It's excruciating and exhilarating.
From David Nicol:
The camera drifts slowly across a stretch of calm water. Insects and birdsong can be heard. Raindrops begin to strike the water's surface as we pass over a patch of water weed. And in voice-over, a young woman says, "Come spirit, help us sing the story of our land. You are our mother; we, your field of corn. We rise from out of the soul of you."
This is the opening shot of "The New World" (2005), Terrence Malick's dream-like interpretation of the founding of the Jamestown colony in Virginia. The film depicts the interactions between the English colonists and the Powhatan natives, and in particular the relationship between John Smith and Pocahontas, who speaks the film's opening words. As an opening shot, this image of placid river water is less spectacular than many of those that we have studied for Jim's project, but its simplicity is deceptive and it contains all of the qualities of a great opening shot that Jim has been encouraging us to see.
The camera shoots the water from the point of view of someone gazing over the side of a shallow, drifting boat. It has an exploratory feel: we are surveying the water, studying it, so that even though it is Pocahontas who provides the voice-over, the explorer Smith is also subtly present. But this is not the gaze of someone who is simply staring at the surface of the water. The gazer is looking deeper, into the river's heart. At first, we see nothing of what lies beneath the water's surface, because blue sky and trees are reflected onto it. But as the shot continues, the reflection fades, and we see underwater a thick layer of green plants, whose tips eventually stipple the water's surface. Sky, water, and plants exist together, all in one shot. When combined with the din of the insects and birds, it's an image that plunges us from the outset into the beauty and the fecundity of the natural world, and Malick will continue to emphasize that theme throughout his film.
But the idea of looking deep into the river has further significance. This shot is our introduction to the network of waterways upon which most of the film's events will take place. The credits sequence that follows this shot will display animated versions of John Smith's maps of the rivers of Virginia. Following that, we will see images of the Powhatan people swimming in the river and (in the 'Extended Cut' of the film) Pocahontas's voice-over will refer to the spirit-mother as "the great river that never runs dry". As the swimmers rise to the surface (from out of the soul of her), they will see, coming up the river, the three ships of the Virginia Company. The Englishmen will build the colony of Jamestown on the banks of the river. So the river water that we see in this opening shot is not only the source of the Powhatan sense of origin, but also of the colony of Virginia that will ultimately become the United States. Everything comes from the river. And Malick will underscore this in the music that he chooses to accompany the arrival of the ships: the prelude to Wagner's opera Das Rheingold, which opens with the three Rhine-Maidens swimming in a river at the beginning of the world.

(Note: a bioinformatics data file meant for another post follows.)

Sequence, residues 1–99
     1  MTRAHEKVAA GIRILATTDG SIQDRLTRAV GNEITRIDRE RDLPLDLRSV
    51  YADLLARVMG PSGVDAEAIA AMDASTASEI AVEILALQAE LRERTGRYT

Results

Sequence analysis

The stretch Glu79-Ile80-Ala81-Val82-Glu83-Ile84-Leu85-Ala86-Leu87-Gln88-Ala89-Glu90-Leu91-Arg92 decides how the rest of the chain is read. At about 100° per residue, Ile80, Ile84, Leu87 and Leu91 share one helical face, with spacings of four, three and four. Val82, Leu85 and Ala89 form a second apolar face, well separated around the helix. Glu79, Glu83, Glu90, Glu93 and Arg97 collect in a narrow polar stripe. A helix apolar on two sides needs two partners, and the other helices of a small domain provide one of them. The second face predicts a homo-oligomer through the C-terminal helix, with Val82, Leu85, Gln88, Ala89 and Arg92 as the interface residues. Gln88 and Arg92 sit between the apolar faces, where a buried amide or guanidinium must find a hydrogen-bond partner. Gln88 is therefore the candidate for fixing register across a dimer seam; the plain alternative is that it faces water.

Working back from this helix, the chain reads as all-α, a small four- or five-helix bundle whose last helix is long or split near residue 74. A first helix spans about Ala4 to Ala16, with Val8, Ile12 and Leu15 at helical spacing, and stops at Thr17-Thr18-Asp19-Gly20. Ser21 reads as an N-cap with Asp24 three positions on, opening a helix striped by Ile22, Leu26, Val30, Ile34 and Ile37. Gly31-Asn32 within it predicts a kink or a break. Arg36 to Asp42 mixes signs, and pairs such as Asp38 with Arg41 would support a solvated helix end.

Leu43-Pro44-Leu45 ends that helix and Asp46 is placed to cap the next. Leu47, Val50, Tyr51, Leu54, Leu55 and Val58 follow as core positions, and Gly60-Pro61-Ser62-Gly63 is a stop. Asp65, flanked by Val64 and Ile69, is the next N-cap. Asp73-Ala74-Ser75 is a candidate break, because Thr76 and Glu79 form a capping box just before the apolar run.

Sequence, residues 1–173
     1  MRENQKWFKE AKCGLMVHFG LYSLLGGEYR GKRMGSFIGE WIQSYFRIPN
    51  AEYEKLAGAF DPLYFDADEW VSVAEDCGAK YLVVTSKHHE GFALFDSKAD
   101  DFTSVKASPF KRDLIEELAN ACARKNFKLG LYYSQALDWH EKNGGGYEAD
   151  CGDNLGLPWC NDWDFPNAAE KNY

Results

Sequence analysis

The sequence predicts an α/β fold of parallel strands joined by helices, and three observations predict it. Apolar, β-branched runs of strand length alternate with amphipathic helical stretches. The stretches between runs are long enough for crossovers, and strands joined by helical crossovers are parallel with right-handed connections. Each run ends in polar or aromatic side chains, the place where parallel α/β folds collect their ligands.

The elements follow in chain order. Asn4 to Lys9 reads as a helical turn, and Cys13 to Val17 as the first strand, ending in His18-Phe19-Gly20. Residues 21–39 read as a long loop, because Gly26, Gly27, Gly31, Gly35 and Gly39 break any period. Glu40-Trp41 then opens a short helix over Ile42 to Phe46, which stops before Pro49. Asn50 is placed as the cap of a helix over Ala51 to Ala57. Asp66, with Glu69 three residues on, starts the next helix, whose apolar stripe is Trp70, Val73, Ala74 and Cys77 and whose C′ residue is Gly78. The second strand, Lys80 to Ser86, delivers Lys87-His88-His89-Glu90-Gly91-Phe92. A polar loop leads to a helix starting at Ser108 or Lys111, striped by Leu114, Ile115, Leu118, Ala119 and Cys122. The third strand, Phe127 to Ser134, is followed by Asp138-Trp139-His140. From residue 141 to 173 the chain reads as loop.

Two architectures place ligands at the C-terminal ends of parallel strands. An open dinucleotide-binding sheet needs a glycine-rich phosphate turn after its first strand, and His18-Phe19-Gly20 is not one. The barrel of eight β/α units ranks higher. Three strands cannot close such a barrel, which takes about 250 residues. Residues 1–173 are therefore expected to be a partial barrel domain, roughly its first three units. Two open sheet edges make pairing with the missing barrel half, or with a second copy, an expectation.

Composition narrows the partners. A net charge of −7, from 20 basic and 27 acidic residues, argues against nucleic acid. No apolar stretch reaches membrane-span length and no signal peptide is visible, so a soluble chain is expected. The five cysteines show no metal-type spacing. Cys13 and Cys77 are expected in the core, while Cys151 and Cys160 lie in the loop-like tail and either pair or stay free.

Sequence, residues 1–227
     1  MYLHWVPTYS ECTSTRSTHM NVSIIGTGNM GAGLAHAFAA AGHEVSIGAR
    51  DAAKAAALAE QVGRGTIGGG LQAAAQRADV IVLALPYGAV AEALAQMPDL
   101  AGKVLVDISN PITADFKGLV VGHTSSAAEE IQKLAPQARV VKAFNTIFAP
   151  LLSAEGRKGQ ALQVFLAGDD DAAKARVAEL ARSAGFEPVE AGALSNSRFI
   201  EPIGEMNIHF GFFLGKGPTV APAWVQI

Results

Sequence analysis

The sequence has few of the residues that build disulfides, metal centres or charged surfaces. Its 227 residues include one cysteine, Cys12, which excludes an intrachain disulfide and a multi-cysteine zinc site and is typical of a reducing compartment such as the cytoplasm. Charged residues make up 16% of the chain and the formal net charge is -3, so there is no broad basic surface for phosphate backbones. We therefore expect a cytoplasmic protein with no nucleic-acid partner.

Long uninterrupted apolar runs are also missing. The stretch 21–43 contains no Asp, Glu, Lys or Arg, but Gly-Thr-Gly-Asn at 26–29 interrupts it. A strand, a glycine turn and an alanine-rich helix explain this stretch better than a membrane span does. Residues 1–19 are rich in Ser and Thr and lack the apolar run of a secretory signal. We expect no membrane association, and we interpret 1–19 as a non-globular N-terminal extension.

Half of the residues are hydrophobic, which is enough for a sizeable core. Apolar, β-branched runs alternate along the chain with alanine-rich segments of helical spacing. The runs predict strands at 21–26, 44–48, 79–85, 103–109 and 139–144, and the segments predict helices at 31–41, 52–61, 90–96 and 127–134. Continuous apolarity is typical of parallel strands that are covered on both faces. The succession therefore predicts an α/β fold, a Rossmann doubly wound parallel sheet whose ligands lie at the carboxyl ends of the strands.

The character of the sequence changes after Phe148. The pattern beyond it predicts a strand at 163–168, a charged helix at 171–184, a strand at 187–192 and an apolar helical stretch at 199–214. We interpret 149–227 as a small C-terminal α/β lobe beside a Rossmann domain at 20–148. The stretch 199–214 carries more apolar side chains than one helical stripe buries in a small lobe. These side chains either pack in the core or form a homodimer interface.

This is a film about the arrival of change, change that is sometimes fascinating and sometimes catastrophic. Malick evokes these impending transformations at the end of the shot. The crystalline water is disrupted as first one, then several, then many raindrops hit it. As the rain strikes, the river trembles, and just as the shot ends, we hear the roar of crashing waves. Sound and image are warning us that something is coming (to quote another great cinematic opening sequence, "The world is changed; I feel it in the water"). I don't think the raindrops are an entirely disquieting image, though; rain gives life as much as does the river. That ambiguity is fundamental to "The New World," whose title describes both Smith's discoveries in Virginia and Pocahontas's in London, and which concludes with a revelation that the spirit mother is everywhere, even on the banks of a muddy English stream.
Beautifully done, Dr. Nicol -- thank you! What a deeply mysterious opening it is, beginning with a reflection on the placid surface of the water that looks like an upside-down Impressionist landscape illuminated through Magritte's "Empire of Light" -- European and/or Native American, depending on your sphere of reference. And as we begin to realize that we're moving over the water, we begin to see not only the disruptions on the surface, but, as you say, the world beneath it -- very much a new world, as in prehistoric, untouched. The next shot is (we assume) of the speaker, Pocahontas, herself, gazing in the opposite direction, toward the sky with her arms outstretched. Following the credits (patterned on old navigational maps), we are below the water, swimming with the fishes and the people who live here...
And it ends with the camera gazing up at the tree of life -- a whole forest, really -- as a bird, silhouetted against the sky, swoops fleetingly through the frame.
Note to MZS: I'd still love to read your take on it too, Matt!
A Far Flung Correspondent weighs in on the MCU controversy.
The top 50 shows of the 2010s.
Scout Tafoya's video essay series about maligned masterpieces celebrates Steven Soderbergh's Solaris.
A review of the newest film by Quentin Tarantino.